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Toshiba 1T Portable Harddisk become RAW


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Dear all,

I have a 1T Toshiba portable harddisk, no partition, I used it fresh out from the box. One day I plugged in and the system asked to format the disk before I can use it, and in Disk Management it shows as RAW.

I did some research and it lead me to TestDisk, I have tried to fixed it but not successful.

I have been trying to fixed it with two machine, one from work is running Window 7 64bit (I have no administrator right) and the one from home running on Window Vista 32bit. I hope it will not create any additional problem by mixing the two. I did observed the autodetect by the two systems are different though...

Below are the screen I have captured.

I started testdisk, after create log this is what I see:



When I run this with my laptop (Window Vista) it auto detect it as [intel], but with my PC (Window 7) it detected [None]. I have not partitioned this disk and [None] should be the correct choice? I have selected [intel] as what I did with my laptop.


I don't seems to be able to do anything so I go back to the previous menu and selected "Analyse", and I see again:


and follow by "Quick Search", after that the search jump quickly to 10/121600 as shown:


And it seems to take forever to advance from here, is it normal? Normally how long does it take to analyse the whole 1T disk?

Please help to advise if I am going along the right path.

Thanks a lot!


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The Intel Partition type is what you want to select. The read errors are not a good sign of a healthy hard drive nor is the fact it now shows up as RAW. I assume your attempting to recover your data off the drive ? Have you ran any diagnostics on the drive like Seagate Seatools ? A 1TB drive will take many many hours on the advanced scan to complete but if the drive is having "other errors" that time can easily double or triple. Normally we attempt to get a clone image of the hard drive to another drive the same size or larger to recover the data that way if any mistakes are made your not working on your ONLY copy of the data. DIY recovery has risks for certain it just depends on the value of the data for you.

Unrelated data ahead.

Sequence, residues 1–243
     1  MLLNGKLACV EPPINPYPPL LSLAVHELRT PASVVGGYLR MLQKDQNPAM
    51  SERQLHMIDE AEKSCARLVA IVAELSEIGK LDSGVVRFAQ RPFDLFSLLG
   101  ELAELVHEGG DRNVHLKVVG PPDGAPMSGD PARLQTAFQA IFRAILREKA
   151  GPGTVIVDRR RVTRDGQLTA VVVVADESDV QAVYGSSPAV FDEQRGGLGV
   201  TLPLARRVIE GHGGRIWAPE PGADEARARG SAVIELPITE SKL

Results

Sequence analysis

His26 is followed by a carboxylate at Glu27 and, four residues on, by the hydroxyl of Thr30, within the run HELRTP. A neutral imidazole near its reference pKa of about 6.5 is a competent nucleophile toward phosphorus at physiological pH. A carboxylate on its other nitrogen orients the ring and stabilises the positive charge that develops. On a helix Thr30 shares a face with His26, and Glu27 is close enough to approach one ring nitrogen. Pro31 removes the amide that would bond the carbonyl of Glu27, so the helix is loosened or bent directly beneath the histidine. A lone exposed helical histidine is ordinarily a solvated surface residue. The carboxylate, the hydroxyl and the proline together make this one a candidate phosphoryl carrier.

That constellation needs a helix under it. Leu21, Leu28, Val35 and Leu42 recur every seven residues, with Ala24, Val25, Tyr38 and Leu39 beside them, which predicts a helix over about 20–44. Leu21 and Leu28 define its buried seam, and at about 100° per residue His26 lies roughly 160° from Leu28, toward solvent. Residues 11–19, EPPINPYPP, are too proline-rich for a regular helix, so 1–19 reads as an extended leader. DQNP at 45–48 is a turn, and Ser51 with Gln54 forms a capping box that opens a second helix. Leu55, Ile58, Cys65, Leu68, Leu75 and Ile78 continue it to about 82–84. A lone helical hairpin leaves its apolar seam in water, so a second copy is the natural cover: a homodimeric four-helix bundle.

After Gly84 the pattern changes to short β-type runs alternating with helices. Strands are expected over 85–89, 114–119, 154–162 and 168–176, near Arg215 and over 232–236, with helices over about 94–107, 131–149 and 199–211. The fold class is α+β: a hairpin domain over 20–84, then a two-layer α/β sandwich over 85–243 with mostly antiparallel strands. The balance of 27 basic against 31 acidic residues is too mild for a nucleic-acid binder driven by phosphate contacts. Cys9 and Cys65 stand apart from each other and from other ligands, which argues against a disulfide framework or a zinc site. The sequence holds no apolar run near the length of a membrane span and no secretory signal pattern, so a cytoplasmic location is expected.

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I have not partitioned this disk and [None] should be the correct choice?

"Not partitioned" is a confusing expression as it could mean both "not divided" (means one big partition) and "unpartitioned" (means no partition).

Because you have not partitioned the drive doesn't mean that there is no partition.

First you should understand that there was at least one partition, otherwise you wouldn't have been able to use the drive at all (as drive E:). Also it is possible that there were other partitions created by the manufacturer that are not appearing in your Windows Explorer because they are not assigned a drive letter by the running OS (either after action from the user or because the file system on the partition is not recognized/supported by the OS). These partitions should still have been visible in Disk management before your problem. Maybe they still are and only your main partition has a problem.

For the rest, you should choose Intel indeed. Then maybe you can change the type of the partition "1" to NTFS. Depending how important your data is, you might wait for confirmation before doing anything.

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If you ever wrote data on that disk it means that it has been partitioned (in at least one partition).

A disk partitioned means that a partition table has been written to it's first sector, if out of the 4 possible partition entries in the table only one is used, the disk is partitioned (in a single partition).

Instead of providing screenshots, run TESTDISK with a log option, and post the log.

Unfortunately the read errors you are getting are NO good news. :no:

What you should do would be to stop fiddling with that disk drive, procure yourself a bigger disk drive and image the device, using a tool capable of either ignoring errors or doing partial images.

Under Windows I would use Datarescuedd:


along the "partial" approach described here:

and yes, you will need a third hard disk same size as the failed one or bigger to attempt recomposing the image.


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